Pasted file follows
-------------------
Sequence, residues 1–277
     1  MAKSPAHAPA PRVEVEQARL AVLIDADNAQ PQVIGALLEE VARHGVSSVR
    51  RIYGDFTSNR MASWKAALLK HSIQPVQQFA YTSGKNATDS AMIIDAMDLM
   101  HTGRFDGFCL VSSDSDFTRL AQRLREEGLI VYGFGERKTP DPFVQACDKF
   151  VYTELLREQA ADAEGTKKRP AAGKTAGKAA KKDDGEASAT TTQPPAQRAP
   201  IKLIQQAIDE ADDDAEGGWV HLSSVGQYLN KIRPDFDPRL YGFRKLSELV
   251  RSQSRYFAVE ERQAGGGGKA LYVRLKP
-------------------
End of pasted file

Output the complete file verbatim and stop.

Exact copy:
Sequence, residues 1–277
     1  MAKSPAHAPA PRVEVEQARL AVLIDADNAQ PQVIGALLEE VARHGVSSVR
    51  RIYGDFTSNR MASWKAALLK HSIQPVQQFA YTSGKNATDS AMIIDAMDLM
   101  HTGRFDGFCL VSSDSDFTRL AQRLREEGLI VYGFGERKTP DPFVQACDKF
   151  VYTELLREQA ADAEGTKKRP AAGKTAGKAA KKDDGEASAT TTQPPAQRAP
   201  IKLIQQAIDE ADDDAEGGWV HLSSVGQYLN KIRPDFDPRL YGFRKLSELV
   251  RSQSRYFAVE ERQAGGGGKA LYVRLKP